The Amon Carter Museum of American Art announces that it has received a $75,000 Picturing America School Collaboration Project Grant from the National Endowment for the Humanities (NEH). Only nine such grants were awarded nationwide, and the Amon Carter is one of three museums to receive this prestigious award. It is the second consecutive year the museum has been awarded the grant, which will fund a professional development conference for Texas teachers this summer, classroom resources, student field trips, interactive video conferences and online curriculum.
“We are grateful and honored to receive the grant so that we may build upon the success of last year’s conference,” says Sara Klein, teacher and school programs manager. “We received great, positive feedback from teachers whose students benefited from the program, and we look forward to helping train many more educators about American art and how it can be used in the classroom.”
The Amon Carter will host the 2011 Picturing Americans teaching institute on July 27–28 for Texas K–12 public, private and homeschool educators who own a Picturing America poster set from the NEH. The conference will use images from Picturing America and the museum’s collection. Teachers will receive Continuing Professional Education (CPE) credits for attending the institute, a $250 stipend from the NEH, plus free classroom resources like digital images of artworks, posters and classroom activities tied to state and national teaching standards. Conference participants will also receive funding for a free interactive student video conference from the museum or reimbursement of transportation expenses for an onsite school tour related to the conference theme at the museum.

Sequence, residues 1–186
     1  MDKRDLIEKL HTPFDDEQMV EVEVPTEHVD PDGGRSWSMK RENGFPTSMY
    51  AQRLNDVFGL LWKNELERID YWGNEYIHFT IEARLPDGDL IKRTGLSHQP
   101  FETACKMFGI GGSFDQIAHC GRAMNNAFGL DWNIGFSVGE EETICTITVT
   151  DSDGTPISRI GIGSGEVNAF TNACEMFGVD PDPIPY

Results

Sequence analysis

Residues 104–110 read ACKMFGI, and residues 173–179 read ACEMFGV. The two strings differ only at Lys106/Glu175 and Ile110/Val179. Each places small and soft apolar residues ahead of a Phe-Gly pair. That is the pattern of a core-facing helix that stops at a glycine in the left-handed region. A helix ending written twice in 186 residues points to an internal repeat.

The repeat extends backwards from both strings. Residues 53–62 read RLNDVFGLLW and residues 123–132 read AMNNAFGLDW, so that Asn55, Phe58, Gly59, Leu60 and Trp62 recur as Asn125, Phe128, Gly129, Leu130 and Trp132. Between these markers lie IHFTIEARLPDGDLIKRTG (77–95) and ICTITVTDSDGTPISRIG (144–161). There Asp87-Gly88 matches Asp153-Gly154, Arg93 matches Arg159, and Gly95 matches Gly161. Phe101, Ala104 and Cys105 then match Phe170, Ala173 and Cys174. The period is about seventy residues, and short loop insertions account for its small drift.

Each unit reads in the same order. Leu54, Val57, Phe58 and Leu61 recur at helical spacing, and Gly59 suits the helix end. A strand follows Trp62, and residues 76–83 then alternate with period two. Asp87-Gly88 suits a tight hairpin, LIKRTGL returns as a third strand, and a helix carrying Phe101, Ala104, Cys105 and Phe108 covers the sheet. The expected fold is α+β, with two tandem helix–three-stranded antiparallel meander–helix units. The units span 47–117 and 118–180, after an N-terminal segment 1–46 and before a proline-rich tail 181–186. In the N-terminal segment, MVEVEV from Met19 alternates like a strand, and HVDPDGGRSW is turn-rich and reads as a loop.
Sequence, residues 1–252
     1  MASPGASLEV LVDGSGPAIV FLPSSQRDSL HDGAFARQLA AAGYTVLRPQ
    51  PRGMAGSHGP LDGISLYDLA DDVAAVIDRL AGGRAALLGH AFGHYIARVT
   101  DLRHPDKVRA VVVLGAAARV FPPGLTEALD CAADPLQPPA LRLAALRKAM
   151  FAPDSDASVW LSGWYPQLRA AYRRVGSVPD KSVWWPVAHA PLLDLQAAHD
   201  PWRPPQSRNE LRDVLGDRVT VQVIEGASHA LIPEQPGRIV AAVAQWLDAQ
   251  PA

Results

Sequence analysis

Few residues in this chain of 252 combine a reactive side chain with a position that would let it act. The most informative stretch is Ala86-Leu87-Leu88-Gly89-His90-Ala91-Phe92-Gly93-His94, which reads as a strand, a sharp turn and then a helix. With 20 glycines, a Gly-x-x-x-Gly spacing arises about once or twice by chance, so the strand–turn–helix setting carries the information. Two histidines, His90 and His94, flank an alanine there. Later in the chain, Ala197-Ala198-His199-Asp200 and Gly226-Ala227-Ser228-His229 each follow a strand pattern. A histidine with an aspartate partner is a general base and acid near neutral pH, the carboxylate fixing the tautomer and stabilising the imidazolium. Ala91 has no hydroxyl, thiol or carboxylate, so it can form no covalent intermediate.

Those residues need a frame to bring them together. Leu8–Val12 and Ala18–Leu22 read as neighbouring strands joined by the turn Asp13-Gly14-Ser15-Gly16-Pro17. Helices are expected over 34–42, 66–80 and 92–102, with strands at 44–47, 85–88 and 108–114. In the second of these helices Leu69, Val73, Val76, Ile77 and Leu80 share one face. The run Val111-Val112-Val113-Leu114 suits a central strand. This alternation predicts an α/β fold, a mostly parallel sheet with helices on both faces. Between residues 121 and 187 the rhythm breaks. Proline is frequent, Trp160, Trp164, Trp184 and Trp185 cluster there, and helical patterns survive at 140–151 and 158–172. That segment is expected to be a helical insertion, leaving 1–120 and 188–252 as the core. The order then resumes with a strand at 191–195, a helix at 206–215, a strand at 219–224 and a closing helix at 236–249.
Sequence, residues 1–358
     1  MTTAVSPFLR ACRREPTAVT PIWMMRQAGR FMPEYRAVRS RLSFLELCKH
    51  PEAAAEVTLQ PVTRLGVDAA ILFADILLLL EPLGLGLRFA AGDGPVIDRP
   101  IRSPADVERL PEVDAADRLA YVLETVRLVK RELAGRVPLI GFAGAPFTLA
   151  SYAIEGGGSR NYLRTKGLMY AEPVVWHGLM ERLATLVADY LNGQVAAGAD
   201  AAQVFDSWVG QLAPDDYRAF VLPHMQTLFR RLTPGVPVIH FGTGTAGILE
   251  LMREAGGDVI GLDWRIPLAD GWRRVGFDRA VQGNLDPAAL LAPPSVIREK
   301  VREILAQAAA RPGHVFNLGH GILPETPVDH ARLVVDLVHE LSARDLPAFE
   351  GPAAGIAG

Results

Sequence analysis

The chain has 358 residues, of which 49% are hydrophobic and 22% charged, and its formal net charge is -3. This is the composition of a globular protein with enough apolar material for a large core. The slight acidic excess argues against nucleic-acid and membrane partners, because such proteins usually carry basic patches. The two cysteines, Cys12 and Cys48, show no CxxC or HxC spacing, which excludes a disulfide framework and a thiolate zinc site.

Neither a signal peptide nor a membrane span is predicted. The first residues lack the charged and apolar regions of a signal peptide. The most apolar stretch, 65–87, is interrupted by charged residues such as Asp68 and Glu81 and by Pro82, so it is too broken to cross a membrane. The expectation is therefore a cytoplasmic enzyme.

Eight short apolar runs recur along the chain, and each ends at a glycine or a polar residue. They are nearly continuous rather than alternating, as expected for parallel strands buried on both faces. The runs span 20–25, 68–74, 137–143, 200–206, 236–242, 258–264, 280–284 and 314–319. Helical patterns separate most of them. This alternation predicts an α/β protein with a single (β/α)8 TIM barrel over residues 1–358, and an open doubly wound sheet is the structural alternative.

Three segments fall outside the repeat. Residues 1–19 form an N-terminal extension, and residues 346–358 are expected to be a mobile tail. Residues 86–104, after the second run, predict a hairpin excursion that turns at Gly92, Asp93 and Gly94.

After attending the 2010 conference, Michelle Aguilar, a teacher from St. Mary of Carmel Catholic School in Dallas, brought her first- and second-grade students to the museum for a school tour; the grant reimbursed the transportation expenses. “My students absolutely loved the Amon Carter,” she says. “I still get comments when they make connections to something that reminds them of the Amon Carter and what they saw on their field trip. I know the experience wouldn’t have been the same without the information I learned last year at the institute.”
The museum has also recently launched an online teaching resource in conjunction with the 2010 NEH grant that gives teachers even more resources to incorporate American art into their classrooms. Background information on artists and artworks in the Amon Carter’s collection, as well as discussion questions, can be found at cartermuseum.org/picturing-america.
For more information about applying for the 2011 conference in July or the online teaching resources, please contact Sara Klein at 817.989.5031 or email@example.com.